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Title VII to Protect LGBTQ Community

It is not every day that the United States Supreme Court issues a decision that dramatically changes the workplace, but it happened this week. In a landmark decision captioned as Bostock v. Clayton County, issued by the Court on June 15th, the Court ruled that federal law prohibiting discrimination on the basis of “sex” will now include protections for individuals on the basis of sexual orientation, transgender, and gender identity.

On its face, Title VII of the Civil Rights Act of 1964 provides, in pertinent part, that it is an “unlawful employment practice for an employer” to discriminate against an individual “because of such individual’s race, color, sex, or national origin” (emphasis added).

In the decades since its passing, courts across the country have grappled with the meaning of “sex” within the text of Title VII and the extent of its coverage; however, today, the Court clarified that “sex” includes sexual orientation, transgender, and gender identity, extending employment protections to these protected classes of people.

Justice Gorsuch delivered the opinion of the Court in which he writes:

In Title VII, Congress adopted broad language making it illegal for an employer to rely on an employee’s sex when deciding to fire that employee. We do not hesitate to recognize today a necessary consequence of that legislative choice: An employer who fires [or discriminates against] an individual merely for being gay or transgender defies the law.

This is a very important decision for all employers in America to recognize and follow as it will surely lead to liability and lawsuits for those employers that choose to ignore it. Practically, this decision prohibits an employer from considering an employee’s sexual orientation, transgender, or gender identification when making decisions concerning hiring, discipline, pay rate, job duties, and termination. As a result, employers should take this ruling as an opportunity to update employee handbooks and ensure provisions reflect the newly identified protected classes. As an additional measure, employers should use this decision as an opportunity to conduct re-trainings for all employees to ensure company-wide compliance with anti-discrimination and harassment policies, including the recent protections afforded to the LGBTQ community. Finally, this decision should spark employers to consider purchasing or reviewing their current Employment Practices Liability Insurance (“EPLI”) plan to ensure protection in the event of claims arising out of this decision.

Bryan Meek is a member of Brennan, Manna & Diamond’s Employment & Labor team and is available to assist you with responding to requests for information and/or appealing unfavorable unemployment decisions. Bryan can be reached at 330.253.5586, or bmeek@bmdllc.com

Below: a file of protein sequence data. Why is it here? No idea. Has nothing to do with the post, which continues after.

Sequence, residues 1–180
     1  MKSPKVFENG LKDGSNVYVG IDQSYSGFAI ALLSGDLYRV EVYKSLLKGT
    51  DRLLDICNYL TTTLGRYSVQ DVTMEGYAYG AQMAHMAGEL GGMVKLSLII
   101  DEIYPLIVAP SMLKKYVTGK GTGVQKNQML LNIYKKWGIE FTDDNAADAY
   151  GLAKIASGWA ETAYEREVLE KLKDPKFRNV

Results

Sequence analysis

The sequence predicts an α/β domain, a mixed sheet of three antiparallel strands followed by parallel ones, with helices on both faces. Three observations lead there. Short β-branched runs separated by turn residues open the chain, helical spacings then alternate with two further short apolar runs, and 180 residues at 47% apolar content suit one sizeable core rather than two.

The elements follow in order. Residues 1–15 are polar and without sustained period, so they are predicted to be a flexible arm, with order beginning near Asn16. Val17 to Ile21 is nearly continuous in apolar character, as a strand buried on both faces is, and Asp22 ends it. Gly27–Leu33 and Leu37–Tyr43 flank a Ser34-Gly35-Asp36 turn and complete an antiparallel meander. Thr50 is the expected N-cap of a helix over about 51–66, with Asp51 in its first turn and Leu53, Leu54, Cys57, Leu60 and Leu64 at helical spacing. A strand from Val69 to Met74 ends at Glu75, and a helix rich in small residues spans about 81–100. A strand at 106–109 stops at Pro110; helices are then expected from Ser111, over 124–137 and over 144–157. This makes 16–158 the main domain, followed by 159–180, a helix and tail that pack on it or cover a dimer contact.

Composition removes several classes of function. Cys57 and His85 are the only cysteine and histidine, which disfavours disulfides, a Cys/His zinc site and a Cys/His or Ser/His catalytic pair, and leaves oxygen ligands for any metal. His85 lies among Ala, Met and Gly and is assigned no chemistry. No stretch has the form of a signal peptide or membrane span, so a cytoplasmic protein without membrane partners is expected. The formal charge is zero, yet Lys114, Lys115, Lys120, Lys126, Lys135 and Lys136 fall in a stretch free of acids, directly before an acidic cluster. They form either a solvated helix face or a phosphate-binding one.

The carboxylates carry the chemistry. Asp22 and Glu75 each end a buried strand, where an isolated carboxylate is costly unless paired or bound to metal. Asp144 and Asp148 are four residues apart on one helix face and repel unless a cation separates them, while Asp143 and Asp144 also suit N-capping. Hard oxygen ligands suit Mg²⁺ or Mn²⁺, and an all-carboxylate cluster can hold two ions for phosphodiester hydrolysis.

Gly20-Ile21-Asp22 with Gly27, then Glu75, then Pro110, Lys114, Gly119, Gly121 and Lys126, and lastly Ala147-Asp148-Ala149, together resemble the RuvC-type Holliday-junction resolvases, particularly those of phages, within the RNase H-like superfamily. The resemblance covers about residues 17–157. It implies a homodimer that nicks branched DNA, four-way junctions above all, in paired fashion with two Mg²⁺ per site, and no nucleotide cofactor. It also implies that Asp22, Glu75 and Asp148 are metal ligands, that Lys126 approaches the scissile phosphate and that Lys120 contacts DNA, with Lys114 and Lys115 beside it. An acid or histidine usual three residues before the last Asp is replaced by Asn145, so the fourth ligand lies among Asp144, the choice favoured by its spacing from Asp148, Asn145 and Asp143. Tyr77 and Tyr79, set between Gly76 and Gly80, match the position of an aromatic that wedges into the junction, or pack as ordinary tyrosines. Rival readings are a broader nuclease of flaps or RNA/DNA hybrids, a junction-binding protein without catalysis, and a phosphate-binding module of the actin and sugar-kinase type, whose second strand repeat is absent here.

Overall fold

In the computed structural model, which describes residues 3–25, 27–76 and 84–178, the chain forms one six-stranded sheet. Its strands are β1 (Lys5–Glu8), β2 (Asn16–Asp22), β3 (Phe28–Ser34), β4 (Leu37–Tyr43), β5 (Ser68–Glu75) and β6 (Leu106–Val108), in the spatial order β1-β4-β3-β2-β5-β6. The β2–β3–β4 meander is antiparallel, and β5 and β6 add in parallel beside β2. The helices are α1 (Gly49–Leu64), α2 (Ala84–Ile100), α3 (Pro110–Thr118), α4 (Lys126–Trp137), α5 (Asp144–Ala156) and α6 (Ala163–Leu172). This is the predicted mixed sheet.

El Contrato Escrito: La Herramienta Predilecta

No existe mejor herramienta a una disputa contractual que un documento firmado por las partes en el cual se expongan las obligaciones y acuerdos entre éstas.

New State Budget Institutes Licensure Requirement for Ohio’s Hospitals

On July 1, 2021, Governor Mike DeWine signed Ohio’s final budget codified at Ohio Revised Code 3722.01 et seq., which includes a new licensing requirement for Ohio’s hospitals. For years, Ohio was the only state in the country that did not license its hospitals. This approach will now be replaced with new, detailed requirements that will require careful review and compliance. Here are some of the highlights concerning these new changes:

Healthcare Provisions in the Ohio FY 22-23 Budget

Governor Mike DeWine signed Ohio’s Fiscal Year 2022-2023 budget bill (HB 110) into law on July 1, 2021. At almost 1,000 pages and 74.1 billion dollars, the budget lays out the State’s spending for the next two years. Below are a few highlighted provisions from the budget that will be important for the healthcare industry in Ohio

Interim Final Rule for Surprise Billing

In an effort to implement the new bipartisan No Surprises Act, on July 1, 2021, the Department of Health and Human Services (HHS), along with the Departments of Labor and Treasury, issued an interim final rule to safeguard patients against unforeseen medical bills arising from out-of-network care.

President Biden Seeks to Limit Non-Compete Agreements

Today, President Biden announced he would issue an Executive Order that calls on the Federal Trade Commission (FTC) to adopt rules to curtail worker non-compete agreements. Interestingly, a week ago, the FTC approved changes to its Rules of Practice to modernize and expedite the way it issues Trade Regulation Rules. If you have followed our alerts, we predicted the elimination of non-competes would probably happen. In 2016, then-Vice President Biden was a vocal opponent against non-compete agreements. He led the Obama administration’s initiative seeking to limit or eliminate non-compete agreements. In his presidential campaign, Biden promised to “work with Congress to eliminate all non-compete agreements, except the very few that are absolutely necessary to protect a narrowly defined category of trade secrets . . ..”